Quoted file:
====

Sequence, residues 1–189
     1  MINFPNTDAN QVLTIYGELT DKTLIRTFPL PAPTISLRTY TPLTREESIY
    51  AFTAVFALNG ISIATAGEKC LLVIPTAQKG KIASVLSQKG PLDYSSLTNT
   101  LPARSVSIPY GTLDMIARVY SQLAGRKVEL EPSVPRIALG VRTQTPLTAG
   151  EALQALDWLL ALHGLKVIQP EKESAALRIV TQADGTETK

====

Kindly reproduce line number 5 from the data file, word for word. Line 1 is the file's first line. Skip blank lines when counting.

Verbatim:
   151  EALQALDWLL ALHGLKVIQP EKESAALRIV TQADGTETK